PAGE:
The Chemical Facility Anti-Terrorism Standards (CFATS) program identifies and regulates high-risk chemical facilities to ensure they have security measures in place to reduce the risks associated with these chemicals.
Initially authorized by Congress in 2007, the program uses a dynamic multi-tiered risk assessment process and requires facilities identified as high-risk to meet and maintain performance-based security standards appropriate to the facilities and the risks they pose. DHS chemical security inspectors work in all 50 states to help ensure facilities have security measures in place to meet CFATS requirements.
On December 18, 2014, the President signed into law the Protecting and Securing Chemical Facilities from Terrorist Attacks Act of 2014 (“the CFATS Act of 2014”), which recodifies and reauthorizes the CFATS program for four years.
On October 1, 2016, the requirement to submit Top-Screens was reinstated. Chemical facilities of interest that have not previously submitted a Top-Screen, but which have come into possession of reportable amounts of COI, must submit a Top-Screen within 60 days.
If your facility received a notice of a preauthorization inspection, it could be a sign of weaknesses in your submitted plan. Please consider SDS as a third party to assist you in preparing for the pre-authorization inspection.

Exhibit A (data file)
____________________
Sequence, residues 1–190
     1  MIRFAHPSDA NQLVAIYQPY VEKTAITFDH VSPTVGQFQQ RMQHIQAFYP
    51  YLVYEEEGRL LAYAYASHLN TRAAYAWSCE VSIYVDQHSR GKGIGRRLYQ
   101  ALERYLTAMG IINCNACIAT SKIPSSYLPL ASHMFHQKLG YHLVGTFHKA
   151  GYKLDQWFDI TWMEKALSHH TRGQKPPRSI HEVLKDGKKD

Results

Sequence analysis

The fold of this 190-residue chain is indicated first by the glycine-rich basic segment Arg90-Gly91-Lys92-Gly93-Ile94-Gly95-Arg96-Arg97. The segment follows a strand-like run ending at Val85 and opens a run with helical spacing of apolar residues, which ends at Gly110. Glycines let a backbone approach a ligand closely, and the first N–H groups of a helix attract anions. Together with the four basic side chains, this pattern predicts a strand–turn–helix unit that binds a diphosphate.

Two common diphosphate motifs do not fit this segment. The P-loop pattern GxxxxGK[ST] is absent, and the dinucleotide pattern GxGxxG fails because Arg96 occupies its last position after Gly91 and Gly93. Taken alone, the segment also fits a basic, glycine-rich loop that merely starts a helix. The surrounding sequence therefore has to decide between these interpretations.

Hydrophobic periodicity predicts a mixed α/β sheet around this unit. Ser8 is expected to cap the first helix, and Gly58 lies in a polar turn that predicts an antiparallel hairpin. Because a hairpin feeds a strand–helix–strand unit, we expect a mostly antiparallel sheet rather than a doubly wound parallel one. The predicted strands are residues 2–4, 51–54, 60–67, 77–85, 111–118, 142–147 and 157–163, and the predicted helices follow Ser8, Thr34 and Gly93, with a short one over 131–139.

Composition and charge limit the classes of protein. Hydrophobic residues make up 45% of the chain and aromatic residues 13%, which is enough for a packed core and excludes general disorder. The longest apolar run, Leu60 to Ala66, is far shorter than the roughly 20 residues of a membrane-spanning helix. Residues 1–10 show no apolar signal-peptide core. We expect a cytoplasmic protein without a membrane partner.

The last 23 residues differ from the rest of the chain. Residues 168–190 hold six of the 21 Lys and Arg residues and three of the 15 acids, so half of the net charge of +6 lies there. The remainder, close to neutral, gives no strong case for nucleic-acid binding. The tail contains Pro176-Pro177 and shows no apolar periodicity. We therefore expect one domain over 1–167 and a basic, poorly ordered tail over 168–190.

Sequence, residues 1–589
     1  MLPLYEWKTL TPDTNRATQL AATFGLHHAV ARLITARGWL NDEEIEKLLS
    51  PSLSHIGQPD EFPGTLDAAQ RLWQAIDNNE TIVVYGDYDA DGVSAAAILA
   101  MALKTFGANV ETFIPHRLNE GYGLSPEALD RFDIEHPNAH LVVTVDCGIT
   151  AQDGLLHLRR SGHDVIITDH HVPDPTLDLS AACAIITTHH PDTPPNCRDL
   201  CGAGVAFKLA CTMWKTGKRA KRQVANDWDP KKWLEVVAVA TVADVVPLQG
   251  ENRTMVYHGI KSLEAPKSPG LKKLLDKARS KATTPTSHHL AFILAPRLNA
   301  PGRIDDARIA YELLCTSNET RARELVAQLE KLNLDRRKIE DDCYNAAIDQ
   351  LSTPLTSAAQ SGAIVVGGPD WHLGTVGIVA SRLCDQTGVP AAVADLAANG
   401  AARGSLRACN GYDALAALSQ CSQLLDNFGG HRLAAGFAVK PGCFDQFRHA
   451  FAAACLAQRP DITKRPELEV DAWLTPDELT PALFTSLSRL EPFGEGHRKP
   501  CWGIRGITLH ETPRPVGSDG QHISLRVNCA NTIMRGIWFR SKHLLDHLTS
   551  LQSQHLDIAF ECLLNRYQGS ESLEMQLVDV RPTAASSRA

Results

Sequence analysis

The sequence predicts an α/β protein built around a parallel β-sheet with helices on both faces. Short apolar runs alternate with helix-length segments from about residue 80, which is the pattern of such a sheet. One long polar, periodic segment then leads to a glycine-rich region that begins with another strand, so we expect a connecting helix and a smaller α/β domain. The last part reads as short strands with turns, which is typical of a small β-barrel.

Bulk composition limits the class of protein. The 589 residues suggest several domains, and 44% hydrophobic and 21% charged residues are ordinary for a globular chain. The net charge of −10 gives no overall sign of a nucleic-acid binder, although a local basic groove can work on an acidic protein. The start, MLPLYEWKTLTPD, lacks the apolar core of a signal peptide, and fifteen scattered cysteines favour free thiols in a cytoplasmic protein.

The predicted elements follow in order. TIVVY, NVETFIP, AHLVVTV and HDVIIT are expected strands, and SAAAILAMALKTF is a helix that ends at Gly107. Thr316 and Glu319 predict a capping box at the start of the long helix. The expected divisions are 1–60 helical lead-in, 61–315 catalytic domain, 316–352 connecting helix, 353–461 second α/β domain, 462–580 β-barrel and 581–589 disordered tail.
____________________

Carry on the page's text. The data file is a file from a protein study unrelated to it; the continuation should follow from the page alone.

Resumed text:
NFPA (National Fire Protection Association) is a global, nonprofit organization, founded in 1896, devoted to eliminating death, injury, property and economic loss due to fire, electrical and related hazards. The association delivers information and knowledge through more than 300 consensus codes and standards, research, training, education, outreach and advocacy; and by partnering with others who share an interest in furthering the NFPA mission. All NFPA codes and standards can be viewed online for free. Whether you’re a journalist in print, television, radio or new media, NFPA’s Public Affairs office can help you find the information you’re looking for.
NFPA provides guidelines which are often adopted by states and integrated into their local fire codes to ensure that new construction and building renovations meet construction standards that assure the safety of personnel utilizing the structures.
SDS can ensure that your security equipment meets those standards focusing especially on “means of egress”. We can provide diagrams to interface locking systems to fire alarm systems and for electro-mechanical locks to meet safety requirements.
Crime prevention through environmental design (CPTED) is a multi-disciplinary approach to deterring criminal behavior through environmental design. CPTED strategies rely upon the ability to influence offender decisions that precede criminal acts. Generally speaking, most implementations of CPTED occur solely within the urbanized, built environment. Specifically altering the physical design of the communities in which humans reside and congregate in order to deter criminal activity is the main goal of CPTED. CPTED principles of design affect elements of the built environment ranging from the small-scale (such as the strategic use of shrubbery and other vegetation) to the overarching, including building form of an entire urban neighborhood and the amount of opportunity for “eyes on the street”.
SDS applies CEPTED principles in all their security system designs. Our recommendations include building alterations that will reduce the cost of your security systems and meet the CEPTED guidelines. These design recommendations can also reduce fear of and incidence of crime, and an improvement in the quality of life for your employees and visitors.